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Tech Goes Home nonprofit to bring free laptops, tech classes to Western Mass. 2/4/2023 Luis Fieldman,

As recently as 2020, nearly two in five households in Springfield did not own a desktop or laptop computer. Now, a non-profit dedicated to helping Massachusetts residents get online and teaching useful digital skills is bringing programming to Hampden, Hampshire and Franklin counties.

Way Finders of Springfield is partnering with Tech Goes Home, the Boston-based non-profit, and the Alliance for Digital Equity to bring much-needed resources to low-income and Spanish-speaking residents of Springfield and Holyoke — and opportunities to get hands-on training and up to a year of free internet access upon completion of a course.

But that is just the start. Tech Goes Home, which began 23 years ago in Boston, recently announced it is expanding into the region and plans on offering courses in the three counties. The organization provides participants with a computer or tablet and 15 hours of tailored digital skills training along with a year of free internet.

Tech Goes Home’s “train a trainer” model means that there are currently five members of Way Finders in the process of becoming trainers, according to Beatrice Dewberry, the Community Building and Engagement Director for Way Finders.

The Alliance for Digital Equity, a partner of Tech Goes Home, found that 43% of households in Springfield did not have a desktop or laptop computer based on data from before the pandemic, according to a 2021 report by the group.

“There is a serious reluctance amongst many of the older adults to embrace digital technology,” a Springfield resident said in the report. “For many it is a cause of anxiety.”

One example of a Tech Goes Home program is called TGH Community, which partners with social service organizations that teach job searching skills, financial literacy, ways to communicate on social, accessing public benefits and finding educational programs. Programming is offered at libraries, community centers, public housing and similar organizations.

Each participant who completes a TGH course earns a Chromebook and 12 months of internet service, according to TGH’s website.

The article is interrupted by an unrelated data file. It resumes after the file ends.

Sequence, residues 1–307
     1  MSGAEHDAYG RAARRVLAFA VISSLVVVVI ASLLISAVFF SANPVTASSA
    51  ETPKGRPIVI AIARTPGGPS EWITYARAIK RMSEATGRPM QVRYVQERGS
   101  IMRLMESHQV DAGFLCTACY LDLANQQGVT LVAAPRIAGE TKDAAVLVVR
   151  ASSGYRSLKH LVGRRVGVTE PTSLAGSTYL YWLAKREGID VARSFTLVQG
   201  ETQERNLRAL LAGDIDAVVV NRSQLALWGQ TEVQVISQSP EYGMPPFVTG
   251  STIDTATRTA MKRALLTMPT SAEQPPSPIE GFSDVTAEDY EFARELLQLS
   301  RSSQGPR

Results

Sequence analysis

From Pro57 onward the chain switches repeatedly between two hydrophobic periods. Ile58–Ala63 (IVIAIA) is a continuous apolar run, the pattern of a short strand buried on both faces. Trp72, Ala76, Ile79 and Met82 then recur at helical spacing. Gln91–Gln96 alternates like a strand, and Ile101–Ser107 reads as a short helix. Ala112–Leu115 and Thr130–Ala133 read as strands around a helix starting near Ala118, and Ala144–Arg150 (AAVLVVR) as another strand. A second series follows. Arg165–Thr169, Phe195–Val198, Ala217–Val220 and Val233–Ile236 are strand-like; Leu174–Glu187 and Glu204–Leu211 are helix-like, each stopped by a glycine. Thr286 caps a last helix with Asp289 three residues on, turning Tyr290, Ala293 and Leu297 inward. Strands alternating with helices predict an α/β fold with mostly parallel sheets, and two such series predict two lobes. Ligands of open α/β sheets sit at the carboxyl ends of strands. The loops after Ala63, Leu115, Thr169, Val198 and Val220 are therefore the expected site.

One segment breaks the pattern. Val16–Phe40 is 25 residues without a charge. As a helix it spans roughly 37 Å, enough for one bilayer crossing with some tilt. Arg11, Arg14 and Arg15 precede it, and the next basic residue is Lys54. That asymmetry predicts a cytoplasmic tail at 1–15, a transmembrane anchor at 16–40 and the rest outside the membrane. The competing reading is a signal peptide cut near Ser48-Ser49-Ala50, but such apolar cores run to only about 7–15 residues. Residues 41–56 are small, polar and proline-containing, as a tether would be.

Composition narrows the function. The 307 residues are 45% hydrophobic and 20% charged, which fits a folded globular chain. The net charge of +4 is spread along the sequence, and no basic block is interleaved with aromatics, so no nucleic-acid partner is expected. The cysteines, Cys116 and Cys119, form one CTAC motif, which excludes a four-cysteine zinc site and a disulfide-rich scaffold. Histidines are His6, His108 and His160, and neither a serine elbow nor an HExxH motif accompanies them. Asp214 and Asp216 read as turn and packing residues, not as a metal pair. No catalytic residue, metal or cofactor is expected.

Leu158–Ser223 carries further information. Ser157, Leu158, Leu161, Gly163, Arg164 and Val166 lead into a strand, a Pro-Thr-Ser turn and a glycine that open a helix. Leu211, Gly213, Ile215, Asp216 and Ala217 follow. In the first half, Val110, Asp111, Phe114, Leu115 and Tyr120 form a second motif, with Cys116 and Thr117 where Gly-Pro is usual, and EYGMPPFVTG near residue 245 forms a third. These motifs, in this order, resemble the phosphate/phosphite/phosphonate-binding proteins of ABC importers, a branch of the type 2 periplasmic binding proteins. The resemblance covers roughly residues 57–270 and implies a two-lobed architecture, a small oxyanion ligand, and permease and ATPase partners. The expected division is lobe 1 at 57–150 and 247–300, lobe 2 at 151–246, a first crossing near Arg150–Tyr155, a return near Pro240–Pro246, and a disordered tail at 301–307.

‘You lose access, you lose power’

Dewberry said access to the internet is a big issue for the families Way Finders engages with. The organization provides services to keep people in stable housing as well as employment support.

Many of the residents that Way Finders serves in Springfield and Holyoke are older adults, with low-income and Spanish-speaking people who felt disconnected as soon as the pandemic began.

“Immediately, older folks dealt with social isolation,” Dewberry said. “They didn’t know how to use Zoom and didn’t have devices. They lost contact with many of the folks they had before.”

She said that the pandemic highlighted how deep digital inequities in the region are and although Way Finders tried to provide devices such as laptops, it wasn’t enough. A lot of residents lacked the skills necessary to participate in Zoom calls, or lacked internet for telemedicine calls.

“People lost access,” Dewberry said. “You lose access, you lose power.”

Read more: ‘Modern-day necessity’: Easthampton takes step toward city-owned internet

With Tech Goes Home expanding to Western Mass., Dewberry said she hopes that by May or June, classes will start enrolling participants. She said Way Finders’ goal is to train 80 adults in its first year of programming, which will take place at the Holyoke Library Commons on Chestnut Street and a to-be-determined location in Springfield.

Classes for Spanish speakers will also be offered, according to Dewberry.

‘A huge help’

Nereida Tejeda first enrolled in a Tech Goes Home course over a decade ago and the lessons she learned influence her work today. She is a family liaison in the Boston Public School system and has gone on to become a TGH instructor.